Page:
Read the full story on The Root 

Behind the Scenes with Belle at GMA

Demetria does "Modern Romance" on Good Morning America "Don't forget the graphic."

"Smile, so you don't have RBF." 

"Get to the point, so you get to the fourth question."

"Sit up straight so your boobs aren't on the table." 

"What's my first line again?" 

"Be clear, concise." 

"Not too much about New York or Black folk. This isn't a New York or Black audience."

"MRS degree. MRS degree. Don't forget MRS degree." 

"We don't depend on men for survival."

"60s housewife. You have to say 60s housewife. If MRS doesn't stand out, this will." 

"Remember to breathe." 

"Oh sh--. We're live!" 

"She's talking to me."



The build up for doing live TV is more scary than actually doing it.

I did a pre-interview with the Good Morning America producer yesterday. He asked me a million questions. The call lasted 30 minutes. All that chat has been boiled down to a segment that lasts 1:45. I'm in and I'm out. Fast and not so easy. As soon as I get warm, the segment is over. Warm is not enough. Hot. I gotta be hot.

In the green room, the producer rehearses the segment with me four times. I keep forgetting to mention the graphic. I'm talking too much. We're at 2.5 minutes. We need 1:48. Again. 2.20. Again. 1:48. Again. 2:00. It's fine. The fourth question is the advice. The good part where I tell women to shorten their lists. 3-5 must haves, everything else is about communication and whether you're compatible. Be "aggressive", ie, do something when you see a fine man. Say "hello", smile, ask a question or pay a compliment. And stop listening to all these doomsday statistics. You are one woman looking for one man. This is entirely feasible. I need to get this part in.

The producer's not gonna force the time. I just need to remember the graphic. "If you forget, it's not the end of the world, but my boss wanted the graph, so try hard," he says. What he means is: whatever you do, do NOT forget the graph.

I walk on set and there are three sets in one big room: a news desk, a half moon table, and a living room. There are 50 people: producers, sound men, cameramen, a director, other talent, the host. Fans. Kids. There's a gigantic window where people walking thru Times Square can watch from outside. It's a crowd. 50? 100? I don't judge crowd size well. And big a-- cameras. That are moving. I'm in the way. I move. Now I'm in the way of another camera. I move again. The graphics on the wall keep changing.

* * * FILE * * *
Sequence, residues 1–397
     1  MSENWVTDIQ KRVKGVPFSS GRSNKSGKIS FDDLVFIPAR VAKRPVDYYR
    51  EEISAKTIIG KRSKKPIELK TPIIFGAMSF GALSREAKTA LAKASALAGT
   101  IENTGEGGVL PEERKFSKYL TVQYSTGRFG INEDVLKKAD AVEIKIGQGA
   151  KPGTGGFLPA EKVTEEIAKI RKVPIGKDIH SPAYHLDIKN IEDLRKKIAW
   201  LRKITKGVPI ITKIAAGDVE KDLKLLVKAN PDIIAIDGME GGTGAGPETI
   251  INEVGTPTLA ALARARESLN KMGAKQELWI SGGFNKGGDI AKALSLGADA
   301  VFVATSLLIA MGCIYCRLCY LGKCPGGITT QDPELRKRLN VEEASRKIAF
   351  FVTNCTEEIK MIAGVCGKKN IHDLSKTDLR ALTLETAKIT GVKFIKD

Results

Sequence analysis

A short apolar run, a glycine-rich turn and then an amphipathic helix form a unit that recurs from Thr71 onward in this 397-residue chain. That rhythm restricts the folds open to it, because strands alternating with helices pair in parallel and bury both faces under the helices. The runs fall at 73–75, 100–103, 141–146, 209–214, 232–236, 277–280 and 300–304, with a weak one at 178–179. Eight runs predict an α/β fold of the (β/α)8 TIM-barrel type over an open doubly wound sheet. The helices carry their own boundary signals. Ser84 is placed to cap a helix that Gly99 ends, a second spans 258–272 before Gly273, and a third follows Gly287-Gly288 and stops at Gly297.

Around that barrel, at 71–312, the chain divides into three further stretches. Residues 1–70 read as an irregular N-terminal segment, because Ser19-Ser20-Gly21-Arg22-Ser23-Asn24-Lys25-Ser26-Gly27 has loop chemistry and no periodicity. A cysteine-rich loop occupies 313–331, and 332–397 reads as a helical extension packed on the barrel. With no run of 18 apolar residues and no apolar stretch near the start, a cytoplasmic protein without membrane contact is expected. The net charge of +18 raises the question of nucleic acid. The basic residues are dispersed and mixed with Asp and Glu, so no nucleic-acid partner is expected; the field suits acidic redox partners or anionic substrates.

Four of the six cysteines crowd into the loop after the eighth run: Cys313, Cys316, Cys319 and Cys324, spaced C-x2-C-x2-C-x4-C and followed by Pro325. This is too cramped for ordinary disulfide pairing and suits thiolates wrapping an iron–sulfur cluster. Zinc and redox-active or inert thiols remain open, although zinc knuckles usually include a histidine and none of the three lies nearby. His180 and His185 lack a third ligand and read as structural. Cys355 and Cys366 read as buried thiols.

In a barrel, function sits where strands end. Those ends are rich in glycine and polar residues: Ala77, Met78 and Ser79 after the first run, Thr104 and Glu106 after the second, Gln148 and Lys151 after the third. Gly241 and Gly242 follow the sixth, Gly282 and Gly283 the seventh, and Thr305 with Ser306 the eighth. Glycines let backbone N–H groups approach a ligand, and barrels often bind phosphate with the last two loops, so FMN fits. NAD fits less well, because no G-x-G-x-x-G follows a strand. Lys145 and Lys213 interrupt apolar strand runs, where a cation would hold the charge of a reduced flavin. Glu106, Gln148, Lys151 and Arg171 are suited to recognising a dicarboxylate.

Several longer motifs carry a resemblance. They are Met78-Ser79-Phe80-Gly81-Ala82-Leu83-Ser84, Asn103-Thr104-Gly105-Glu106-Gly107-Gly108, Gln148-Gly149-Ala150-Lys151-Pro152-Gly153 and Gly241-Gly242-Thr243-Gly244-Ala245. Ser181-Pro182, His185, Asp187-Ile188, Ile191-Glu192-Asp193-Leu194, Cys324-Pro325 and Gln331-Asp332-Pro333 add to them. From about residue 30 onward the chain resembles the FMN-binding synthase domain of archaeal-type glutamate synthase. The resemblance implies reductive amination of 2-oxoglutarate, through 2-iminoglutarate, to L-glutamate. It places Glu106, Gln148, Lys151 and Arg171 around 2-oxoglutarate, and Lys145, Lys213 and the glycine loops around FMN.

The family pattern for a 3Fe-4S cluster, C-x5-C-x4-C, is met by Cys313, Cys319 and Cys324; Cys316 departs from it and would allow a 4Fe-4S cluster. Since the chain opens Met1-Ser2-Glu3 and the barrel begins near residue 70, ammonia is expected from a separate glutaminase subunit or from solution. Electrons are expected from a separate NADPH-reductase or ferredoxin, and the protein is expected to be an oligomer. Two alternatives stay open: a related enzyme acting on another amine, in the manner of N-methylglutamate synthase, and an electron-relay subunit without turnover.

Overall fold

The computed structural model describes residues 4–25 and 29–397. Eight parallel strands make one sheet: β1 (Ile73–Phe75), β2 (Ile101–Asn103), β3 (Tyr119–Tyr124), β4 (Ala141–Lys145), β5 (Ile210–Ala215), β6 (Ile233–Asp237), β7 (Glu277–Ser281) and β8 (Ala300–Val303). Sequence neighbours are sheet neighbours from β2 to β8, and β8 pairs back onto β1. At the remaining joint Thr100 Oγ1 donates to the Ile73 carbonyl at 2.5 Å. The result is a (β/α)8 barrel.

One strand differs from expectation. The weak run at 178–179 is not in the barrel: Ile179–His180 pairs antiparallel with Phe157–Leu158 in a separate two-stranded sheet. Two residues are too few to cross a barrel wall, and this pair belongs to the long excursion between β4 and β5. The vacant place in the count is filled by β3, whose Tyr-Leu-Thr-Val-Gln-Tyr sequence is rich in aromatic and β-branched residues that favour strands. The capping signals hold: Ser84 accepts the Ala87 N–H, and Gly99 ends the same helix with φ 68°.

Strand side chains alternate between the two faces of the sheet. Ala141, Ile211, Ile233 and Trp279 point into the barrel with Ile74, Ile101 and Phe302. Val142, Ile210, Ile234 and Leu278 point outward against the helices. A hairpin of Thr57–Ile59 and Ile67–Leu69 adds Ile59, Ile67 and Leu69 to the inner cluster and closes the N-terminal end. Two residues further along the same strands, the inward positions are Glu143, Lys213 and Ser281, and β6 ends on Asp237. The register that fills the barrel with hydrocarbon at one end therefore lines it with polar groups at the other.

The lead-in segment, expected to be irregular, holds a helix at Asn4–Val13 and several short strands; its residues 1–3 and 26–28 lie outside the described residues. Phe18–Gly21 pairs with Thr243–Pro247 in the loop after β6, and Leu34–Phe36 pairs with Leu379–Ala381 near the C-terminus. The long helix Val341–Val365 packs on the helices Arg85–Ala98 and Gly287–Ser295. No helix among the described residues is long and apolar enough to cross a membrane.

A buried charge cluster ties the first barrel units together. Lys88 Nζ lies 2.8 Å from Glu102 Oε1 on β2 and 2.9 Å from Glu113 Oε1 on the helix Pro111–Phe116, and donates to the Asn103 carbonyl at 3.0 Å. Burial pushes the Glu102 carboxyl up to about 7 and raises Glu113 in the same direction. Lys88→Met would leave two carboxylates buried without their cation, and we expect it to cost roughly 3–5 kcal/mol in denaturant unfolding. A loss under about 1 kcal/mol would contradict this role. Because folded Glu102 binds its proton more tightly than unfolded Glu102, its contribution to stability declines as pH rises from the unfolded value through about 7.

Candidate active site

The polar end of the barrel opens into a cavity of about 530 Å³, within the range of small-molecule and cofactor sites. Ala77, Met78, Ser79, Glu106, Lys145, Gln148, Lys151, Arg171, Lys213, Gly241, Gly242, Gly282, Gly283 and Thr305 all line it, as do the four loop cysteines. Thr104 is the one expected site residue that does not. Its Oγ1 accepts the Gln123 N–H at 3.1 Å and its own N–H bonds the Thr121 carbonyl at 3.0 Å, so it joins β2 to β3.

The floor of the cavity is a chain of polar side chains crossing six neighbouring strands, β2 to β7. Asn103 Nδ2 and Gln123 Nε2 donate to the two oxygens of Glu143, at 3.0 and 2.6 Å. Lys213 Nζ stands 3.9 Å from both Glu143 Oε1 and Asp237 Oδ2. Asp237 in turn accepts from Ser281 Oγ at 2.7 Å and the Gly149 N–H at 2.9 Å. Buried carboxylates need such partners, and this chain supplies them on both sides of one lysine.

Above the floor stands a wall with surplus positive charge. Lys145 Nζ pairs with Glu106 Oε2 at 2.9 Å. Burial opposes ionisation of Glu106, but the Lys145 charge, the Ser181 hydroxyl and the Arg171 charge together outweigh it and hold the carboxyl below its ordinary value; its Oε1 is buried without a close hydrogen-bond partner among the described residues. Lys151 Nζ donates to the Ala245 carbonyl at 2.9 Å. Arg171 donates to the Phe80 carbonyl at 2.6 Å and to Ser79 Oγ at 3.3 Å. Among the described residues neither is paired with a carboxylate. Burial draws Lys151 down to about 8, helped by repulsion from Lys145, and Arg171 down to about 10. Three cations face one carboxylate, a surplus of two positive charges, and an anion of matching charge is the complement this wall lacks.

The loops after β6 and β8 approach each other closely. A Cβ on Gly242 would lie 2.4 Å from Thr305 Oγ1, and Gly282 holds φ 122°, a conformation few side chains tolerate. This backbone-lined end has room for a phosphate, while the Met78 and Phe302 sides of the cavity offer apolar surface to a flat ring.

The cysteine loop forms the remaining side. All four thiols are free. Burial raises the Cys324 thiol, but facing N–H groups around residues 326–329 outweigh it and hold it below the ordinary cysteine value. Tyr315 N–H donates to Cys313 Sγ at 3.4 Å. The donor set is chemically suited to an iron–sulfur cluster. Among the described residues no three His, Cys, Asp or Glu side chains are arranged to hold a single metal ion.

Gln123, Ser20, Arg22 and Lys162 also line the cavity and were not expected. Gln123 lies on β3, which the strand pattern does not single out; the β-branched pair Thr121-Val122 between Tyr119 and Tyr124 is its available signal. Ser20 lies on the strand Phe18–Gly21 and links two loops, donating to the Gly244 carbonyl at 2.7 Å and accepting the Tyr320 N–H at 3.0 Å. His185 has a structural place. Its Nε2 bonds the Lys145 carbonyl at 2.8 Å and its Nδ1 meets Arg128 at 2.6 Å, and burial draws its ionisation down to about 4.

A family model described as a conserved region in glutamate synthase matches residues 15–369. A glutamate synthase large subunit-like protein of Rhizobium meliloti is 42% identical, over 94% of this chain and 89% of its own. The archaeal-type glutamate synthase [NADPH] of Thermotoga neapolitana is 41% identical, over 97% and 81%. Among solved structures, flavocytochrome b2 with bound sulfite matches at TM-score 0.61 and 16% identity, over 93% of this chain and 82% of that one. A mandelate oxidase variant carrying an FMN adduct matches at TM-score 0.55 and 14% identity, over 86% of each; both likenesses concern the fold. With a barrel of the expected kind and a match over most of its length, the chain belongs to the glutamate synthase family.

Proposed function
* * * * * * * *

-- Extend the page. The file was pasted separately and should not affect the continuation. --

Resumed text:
A lady who was in the green room with me enters the set. She came down after me, but she's going on before. She walks over to her set and takes a seat. She's a natural. She's done this a million times. I want to do this a million times too.

I'm up. I'm not seated on the side a junior producer said I would be on. Hold up. Which way do I point to indicate the graph? I look out into the 50 or so people milling around. I don't see my producer. I get distracted by Robin's shoes. Are those Sophia Webster?

The intro video is playing. All my directions are playing in my head. The video is wrapping up. It's almost time.  I replay instructions in my head. "She's talking to me."


image1 copy


I talked. I almost forgot the graphic, but then the the wall screen moved rapidly and I caught it in my peripheral vision. I think, hey, look at that! That's cool, but I mention the graphic out loud and give commentary. I honestly don't know what I said, but the hosts are laughing and applauding. I smile because I've done something good. And, you know, no RBF. We're going to commercial. I missed the fourth question. Sh--.

I'm being guided off set by the producer. He says I did great. I'm disappointed. I say, "but I missed the fourth question." That's not hot.